Singapore — Financial infidelity is a very real thing and, what is more, over one in four, or 27 per cent, of Singaporeans have committed it, according to a survey discussed on the Finder finance website.
This means that approximately 783,000 Singaporeans over the age of 16 may have been less than truthful with their partner concerning their finances at least once in their lives.
These untruths could be as small as telling the partner an item bought cost less than the price paid, or as big as hiding a separate bank account from him or her.
So, what have we been lying about? The survey of 1,008 people in October this year shows that Singaporeans are most likely to not tell their partners about purchases that involve shoes or clothes (8 per cent), or hobby-related expenses, electronic devices, and skincare or make-up products (6 per cent each). A smaller percentage have hidden purchases of fast food (5 per cent), alcohol (4 per cent) and cigarettes (3 per cent).
Five per cent of those who surveyed have secretly paid off debts and 4 per cent have not told the truth about having gone on a date with another person.
Men and women are equally likely to hide something they have bought from their partner, but the type of purchases are very different.
The top three things that men tend to hide are: A hobby-related purchase (9 per cent), an electronic device (8 per cent) or a debt, gambling or alcohol (7 per cent).
As for women, they are more likely to hide clothes and shoes (10 per cent), skincare or make-up (7 per cent) and jewellery (5 per cent).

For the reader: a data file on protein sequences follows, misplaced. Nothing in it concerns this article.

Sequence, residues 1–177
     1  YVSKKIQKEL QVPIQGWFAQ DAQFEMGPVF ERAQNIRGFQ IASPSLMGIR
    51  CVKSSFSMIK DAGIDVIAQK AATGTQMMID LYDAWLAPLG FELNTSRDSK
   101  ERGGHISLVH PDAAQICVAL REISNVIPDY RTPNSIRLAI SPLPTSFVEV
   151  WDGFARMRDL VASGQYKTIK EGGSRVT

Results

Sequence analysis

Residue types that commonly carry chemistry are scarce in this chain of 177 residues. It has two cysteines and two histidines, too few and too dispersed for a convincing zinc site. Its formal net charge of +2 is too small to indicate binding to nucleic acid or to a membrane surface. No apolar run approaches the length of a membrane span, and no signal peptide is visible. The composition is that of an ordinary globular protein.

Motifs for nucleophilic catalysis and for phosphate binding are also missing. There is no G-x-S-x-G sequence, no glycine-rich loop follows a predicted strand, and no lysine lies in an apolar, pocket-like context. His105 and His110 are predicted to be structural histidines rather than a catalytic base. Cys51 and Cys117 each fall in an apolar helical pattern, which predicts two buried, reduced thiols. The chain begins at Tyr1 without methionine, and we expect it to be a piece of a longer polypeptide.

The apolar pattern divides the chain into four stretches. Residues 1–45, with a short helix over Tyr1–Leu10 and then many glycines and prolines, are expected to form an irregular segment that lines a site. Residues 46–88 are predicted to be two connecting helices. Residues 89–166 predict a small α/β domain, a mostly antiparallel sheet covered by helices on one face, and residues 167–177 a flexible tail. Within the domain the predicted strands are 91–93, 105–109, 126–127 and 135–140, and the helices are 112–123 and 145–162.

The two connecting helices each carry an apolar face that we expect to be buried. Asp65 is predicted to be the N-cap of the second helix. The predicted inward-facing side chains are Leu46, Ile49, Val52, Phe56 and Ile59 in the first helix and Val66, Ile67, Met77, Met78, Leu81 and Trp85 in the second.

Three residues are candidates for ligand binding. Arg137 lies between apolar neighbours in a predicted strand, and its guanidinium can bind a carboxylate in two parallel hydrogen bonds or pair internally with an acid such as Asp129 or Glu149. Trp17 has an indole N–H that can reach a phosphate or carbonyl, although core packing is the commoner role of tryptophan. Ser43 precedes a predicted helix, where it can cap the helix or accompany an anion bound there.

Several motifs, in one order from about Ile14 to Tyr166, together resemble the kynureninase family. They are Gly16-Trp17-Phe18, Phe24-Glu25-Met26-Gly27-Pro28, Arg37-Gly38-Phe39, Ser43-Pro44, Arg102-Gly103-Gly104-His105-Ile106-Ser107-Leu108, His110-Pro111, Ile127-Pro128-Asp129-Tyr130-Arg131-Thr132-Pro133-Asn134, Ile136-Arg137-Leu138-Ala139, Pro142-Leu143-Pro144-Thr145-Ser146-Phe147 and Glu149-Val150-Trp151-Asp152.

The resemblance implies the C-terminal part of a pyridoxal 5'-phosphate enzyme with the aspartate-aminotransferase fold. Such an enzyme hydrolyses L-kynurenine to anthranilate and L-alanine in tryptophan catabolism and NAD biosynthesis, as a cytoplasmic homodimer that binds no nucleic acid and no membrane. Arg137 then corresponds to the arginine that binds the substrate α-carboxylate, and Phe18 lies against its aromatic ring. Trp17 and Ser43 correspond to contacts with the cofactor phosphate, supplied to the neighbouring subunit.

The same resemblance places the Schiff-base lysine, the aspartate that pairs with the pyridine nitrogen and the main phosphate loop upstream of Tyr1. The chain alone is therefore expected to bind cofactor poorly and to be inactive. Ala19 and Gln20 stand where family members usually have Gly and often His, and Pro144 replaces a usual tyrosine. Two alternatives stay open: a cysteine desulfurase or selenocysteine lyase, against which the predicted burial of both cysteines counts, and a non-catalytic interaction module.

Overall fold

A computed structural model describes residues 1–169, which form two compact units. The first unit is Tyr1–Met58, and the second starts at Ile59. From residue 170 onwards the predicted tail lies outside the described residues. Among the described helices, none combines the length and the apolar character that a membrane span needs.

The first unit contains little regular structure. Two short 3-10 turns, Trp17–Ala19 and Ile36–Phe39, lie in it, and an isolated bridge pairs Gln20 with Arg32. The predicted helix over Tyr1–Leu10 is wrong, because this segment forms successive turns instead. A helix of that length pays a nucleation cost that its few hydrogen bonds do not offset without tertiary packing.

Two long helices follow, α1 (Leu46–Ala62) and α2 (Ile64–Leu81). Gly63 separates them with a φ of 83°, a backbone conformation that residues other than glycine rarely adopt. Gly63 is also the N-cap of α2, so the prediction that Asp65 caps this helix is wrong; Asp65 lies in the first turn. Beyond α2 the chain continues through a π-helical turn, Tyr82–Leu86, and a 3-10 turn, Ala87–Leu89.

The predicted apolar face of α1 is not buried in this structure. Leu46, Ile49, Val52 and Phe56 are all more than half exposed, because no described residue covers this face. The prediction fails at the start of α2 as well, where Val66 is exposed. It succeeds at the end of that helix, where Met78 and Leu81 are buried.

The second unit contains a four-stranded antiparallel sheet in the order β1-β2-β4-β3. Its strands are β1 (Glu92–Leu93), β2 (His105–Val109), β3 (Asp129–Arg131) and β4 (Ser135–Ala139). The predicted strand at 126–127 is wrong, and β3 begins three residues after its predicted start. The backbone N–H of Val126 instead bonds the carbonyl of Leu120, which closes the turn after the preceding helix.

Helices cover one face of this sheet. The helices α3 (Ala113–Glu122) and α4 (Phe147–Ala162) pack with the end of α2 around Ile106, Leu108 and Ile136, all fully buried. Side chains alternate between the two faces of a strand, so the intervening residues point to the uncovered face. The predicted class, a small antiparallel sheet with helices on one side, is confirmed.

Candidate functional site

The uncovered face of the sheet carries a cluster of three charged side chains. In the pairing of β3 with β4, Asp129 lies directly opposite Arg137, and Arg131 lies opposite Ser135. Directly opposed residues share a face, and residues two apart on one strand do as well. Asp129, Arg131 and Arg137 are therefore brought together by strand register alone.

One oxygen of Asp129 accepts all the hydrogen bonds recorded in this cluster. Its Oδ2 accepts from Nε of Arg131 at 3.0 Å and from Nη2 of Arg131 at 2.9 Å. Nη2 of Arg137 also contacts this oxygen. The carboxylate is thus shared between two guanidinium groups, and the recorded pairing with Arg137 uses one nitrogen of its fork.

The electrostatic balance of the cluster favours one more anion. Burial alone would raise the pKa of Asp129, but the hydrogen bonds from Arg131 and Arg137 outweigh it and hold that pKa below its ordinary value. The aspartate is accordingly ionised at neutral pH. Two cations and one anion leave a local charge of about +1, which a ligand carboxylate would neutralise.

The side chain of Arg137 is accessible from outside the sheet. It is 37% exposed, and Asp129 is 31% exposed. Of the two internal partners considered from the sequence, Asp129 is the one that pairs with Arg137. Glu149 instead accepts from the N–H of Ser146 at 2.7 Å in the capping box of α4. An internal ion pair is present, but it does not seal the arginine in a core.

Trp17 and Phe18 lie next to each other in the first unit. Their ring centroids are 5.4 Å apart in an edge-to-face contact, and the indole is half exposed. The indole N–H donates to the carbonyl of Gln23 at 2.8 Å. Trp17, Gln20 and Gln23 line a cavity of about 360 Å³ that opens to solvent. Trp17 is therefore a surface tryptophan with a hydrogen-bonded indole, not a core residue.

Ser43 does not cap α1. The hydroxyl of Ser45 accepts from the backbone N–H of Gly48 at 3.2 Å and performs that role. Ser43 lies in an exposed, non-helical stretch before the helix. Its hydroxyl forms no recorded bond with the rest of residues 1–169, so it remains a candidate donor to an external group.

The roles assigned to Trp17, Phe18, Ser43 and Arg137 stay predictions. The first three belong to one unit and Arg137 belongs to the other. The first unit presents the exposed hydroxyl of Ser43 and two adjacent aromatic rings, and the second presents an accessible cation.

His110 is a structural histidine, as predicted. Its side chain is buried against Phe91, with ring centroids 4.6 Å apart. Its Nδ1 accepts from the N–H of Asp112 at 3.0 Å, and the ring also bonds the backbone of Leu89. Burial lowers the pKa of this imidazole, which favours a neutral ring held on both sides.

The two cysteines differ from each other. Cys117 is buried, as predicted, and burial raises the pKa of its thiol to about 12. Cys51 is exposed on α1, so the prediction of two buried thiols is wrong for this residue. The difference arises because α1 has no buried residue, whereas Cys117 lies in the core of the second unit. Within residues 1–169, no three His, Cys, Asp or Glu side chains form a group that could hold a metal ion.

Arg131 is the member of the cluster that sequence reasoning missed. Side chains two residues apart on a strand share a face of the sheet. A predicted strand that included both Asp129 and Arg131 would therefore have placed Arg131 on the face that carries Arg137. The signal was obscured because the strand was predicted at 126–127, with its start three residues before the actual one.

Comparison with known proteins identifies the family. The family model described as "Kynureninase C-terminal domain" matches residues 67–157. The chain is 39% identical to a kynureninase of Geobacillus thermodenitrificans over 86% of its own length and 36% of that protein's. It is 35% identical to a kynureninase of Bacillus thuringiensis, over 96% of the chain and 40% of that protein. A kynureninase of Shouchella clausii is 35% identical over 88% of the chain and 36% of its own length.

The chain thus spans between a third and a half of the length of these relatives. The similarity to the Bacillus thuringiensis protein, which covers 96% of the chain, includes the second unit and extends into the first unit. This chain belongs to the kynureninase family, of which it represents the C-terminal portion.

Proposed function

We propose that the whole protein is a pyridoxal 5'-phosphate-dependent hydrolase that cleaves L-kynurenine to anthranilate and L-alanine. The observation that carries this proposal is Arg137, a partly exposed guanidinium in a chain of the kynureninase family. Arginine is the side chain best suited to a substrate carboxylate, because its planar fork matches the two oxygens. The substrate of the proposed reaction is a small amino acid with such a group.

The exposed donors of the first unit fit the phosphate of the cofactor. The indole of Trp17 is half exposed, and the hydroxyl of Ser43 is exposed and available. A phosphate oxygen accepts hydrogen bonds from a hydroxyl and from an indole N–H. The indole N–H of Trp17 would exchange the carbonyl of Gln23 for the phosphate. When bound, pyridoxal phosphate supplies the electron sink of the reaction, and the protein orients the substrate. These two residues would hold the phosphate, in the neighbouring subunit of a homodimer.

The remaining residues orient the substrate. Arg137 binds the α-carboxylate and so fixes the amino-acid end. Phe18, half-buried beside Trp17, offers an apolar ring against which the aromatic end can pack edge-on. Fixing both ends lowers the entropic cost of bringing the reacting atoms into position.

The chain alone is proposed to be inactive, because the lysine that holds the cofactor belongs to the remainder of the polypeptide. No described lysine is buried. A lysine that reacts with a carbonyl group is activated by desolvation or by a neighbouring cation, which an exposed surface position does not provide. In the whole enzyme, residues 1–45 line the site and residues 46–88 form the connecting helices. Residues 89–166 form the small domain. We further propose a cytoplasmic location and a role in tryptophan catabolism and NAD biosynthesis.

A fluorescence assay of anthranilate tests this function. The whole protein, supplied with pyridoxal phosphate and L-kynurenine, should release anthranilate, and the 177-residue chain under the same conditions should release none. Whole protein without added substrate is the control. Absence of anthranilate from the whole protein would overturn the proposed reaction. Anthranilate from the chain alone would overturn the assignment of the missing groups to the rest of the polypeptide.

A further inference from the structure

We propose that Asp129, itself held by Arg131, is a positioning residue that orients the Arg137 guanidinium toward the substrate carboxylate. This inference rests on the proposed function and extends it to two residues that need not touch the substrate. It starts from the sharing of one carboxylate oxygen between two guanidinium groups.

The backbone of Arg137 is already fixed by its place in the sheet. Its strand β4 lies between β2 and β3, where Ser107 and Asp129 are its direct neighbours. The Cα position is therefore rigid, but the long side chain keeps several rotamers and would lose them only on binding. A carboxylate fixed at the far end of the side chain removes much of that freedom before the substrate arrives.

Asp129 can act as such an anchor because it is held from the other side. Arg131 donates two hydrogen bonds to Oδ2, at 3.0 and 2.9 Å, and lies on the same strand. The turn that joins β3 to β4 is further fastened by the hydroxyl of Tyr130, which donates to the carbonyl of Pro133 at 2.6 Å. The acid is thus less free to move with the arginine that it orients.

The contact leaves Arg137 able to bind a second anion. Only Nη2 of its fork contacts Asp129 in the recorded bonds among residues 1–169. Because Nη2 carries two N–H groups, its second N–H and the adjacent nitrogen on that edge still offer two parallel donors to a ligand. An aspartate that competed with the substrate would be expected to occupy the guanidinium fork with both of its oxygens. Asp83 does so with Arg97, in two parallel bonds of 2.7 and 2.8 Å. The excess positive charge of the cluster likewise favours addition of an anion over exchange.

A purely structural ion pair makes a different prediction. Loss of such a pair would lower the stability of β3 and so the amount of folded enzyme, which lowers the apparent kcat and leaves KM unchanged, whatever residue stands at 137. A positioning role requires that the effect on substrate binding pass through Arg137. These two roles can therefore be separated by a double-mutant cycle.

Across the various age groups, those who hide purchases from their significant others the most are from 35 to 44 years old (36 per cent), from 45 to 54 (29 per cent) and from 25 to 24 (26 per cent).
The older the person, the more financially honest. The survey shows that those aged 55 and older tend to lie the least about their purchases (20 per cent).
And how are Singaporeans hiding the truth about their purchases? It seems that 39 per cent tell their partners that the items cost less than they actually do. Another way to get around the truth is to use cash for purchases, as 37 per cent did.
“Just over a quarter (26%) say they blame the transaction on something else. Meanwhile just under one in five used a BNPL service (buy now pay later) or asked a friend or family member to make the purchase and transferred the money later,” according to the survey. /TISG
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